Aotea (Great Barrier) Marine Reserve
Sonya Williams and Rawiri Wharemate joined the hui and gave a brief overview of the process Ngati Rehua had gone through regarding the marine reserve at Aotea. Sonya had recently been appointed chairperson of the Ngati Rehua-Ngati Wai Ki Aotea Trust Board.
The Department of Conservation had approached Ngati Rehua around five years ago with a proposal for a marine reserve off the north east coast of Aotea (Great Barrier Island). The proposal included over 50,000 hectares and went out to the 12-mile limit. Ngati Rehua vehemently opposed the reserve and advised other iwi involved in discussions with DoC that they objected to the proposal.
Ngati Rehua had met with the Minister of Conservation twice to discuss the proposal and their understanding that DoC was supposed to be negotiating with Ngati Rehua over the proposal and not making decisions in the absence of their consent.
Ngati Rehua has also had discussions with the Ministry of Fisheries regarding a mataitai at Whangapoua. There was little value in that proposal as the area suggested was too small and not very productive.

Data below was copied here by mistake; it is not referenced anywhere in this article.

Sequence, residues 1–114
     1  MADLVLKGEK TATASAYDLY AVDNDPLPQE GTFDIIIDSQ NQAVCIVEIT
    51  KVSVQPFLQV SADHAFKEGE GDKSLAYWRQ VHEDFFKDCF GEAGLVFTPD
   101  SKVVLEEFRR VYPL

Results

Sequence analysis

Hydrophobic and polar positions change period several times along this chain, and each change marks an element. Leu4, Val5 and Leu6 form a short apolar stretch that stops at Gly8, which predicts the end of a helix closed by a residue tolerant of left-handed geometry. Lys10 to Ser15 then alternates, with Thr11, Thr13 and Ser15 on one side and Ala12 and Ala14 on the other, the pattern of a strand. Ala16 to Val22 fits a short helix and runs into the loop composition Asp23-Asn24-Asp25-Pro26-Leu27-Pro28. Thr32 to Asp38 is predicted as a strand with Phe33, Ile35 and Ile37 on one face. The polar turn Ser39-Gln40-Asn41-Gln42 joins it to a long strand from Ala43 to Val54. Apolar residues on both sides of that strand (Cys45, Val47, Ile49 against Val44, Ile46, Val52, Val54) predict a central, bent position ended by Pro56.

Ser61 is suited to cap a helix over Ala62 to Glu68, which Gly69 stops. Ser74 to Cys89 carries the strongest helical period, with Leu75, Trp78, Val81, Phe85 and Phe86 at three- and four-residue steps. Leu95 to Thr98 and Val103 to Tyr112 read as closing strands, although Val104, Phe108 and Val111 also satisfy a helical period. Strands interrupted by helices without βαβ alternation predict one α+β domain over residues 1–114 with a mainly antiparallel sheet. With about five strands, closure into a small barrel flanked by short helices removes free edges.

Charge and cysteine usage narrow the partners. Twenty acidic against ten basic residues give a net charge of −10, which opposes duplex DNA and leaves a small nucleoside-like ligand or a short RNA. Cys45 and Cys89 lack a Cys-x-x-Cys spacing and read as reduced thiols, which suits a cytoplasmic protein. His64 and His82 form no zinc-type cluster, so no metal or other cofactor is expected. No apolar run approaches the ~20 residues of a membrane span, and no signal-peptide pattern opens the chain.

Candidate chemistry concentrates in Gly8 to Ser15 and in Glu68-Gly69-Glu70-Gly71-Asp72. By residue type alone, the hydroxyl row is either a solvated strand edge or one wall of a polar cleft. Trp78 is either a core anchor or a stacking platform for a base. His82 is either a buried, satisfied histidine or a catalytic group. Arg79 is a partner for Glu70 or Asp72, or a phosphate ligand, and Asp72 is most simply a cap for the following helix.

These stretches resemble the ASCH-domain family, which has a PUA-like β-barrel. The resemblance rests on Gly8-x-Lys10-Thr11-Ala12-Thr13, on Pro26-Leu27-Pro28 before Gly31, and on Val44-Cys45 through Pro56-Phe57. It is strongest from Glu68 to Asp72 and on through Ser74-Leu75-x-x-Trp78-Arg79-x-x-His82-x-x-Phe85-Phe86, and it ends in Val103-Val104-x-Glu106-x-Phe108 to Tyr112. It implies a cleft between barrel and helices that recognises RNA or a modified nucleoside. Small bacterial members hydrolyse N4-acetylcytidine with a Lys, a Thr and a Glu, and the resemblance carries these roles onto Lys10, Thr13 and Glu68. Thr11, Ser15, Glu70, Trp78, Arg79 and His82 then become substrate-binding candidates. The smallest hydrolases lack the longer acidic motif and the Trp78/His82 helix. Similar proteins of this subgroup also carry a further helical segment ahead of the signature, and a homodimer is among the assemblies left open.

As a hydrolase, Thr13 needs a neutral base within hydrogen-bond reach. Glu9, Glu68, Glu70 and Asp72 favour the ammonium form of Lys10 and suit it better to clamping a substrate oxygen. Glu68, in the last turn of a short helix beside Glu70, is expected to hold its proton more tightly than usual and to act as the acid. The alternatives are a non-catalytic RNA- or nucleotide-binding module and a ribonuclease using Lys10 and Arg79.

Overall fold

In their opinion DoC had not shifted its objective from the first proposal and Ngati Rehua were opposed to the recent approval given by the Conservation Minister, Chris Carter, to the establishment of the marine reserve.
The Minister of Fisheries had been asked to provide his concurrence to support the establishment of the reserve. Stan Crothers, MFish deputy CEO, had given an assurance at the Whakamaharatanga hui in July last year that MFish would meet with tangata whenua before the concurrence decision was made.
||Ngati Rehua had met with MFish around four weeks
prior to this hui. Stan attended that hui on the island with
three other Ministry colleagues. Scott Macindoe, Bill Cooke,
Bruce Galloway and Peter Blackwell were also at the hui, as
Ngati Rehua had planned to meet with their Auckland based people but that meeting had not occurred before this hui. They would welcome any advice on how they could stop the marine reserve process.
The imposition of a marine reserve would deny tangata whenua the opportunity to practice kaitiakitanga in their rohe, whether that was by way of a mataitai, taiapure or some other management measure deemed appropriate by Ngati Rehua. These rights stemmed from obligations of the Crown to tangata whenua through the Treaty of Waitangi (Fisheries Claims) Settlement Act 1992, Kaimoana fishing regulations and the Fisheries Act 1996.
Ngati Rehua has lodged a complaint with the Waitangi Tribunal. Their objective is to have the Tribunal review the Aotea marine reserve process. The marine reserve was a confiscation of some of the best fishing grounds by the Crown.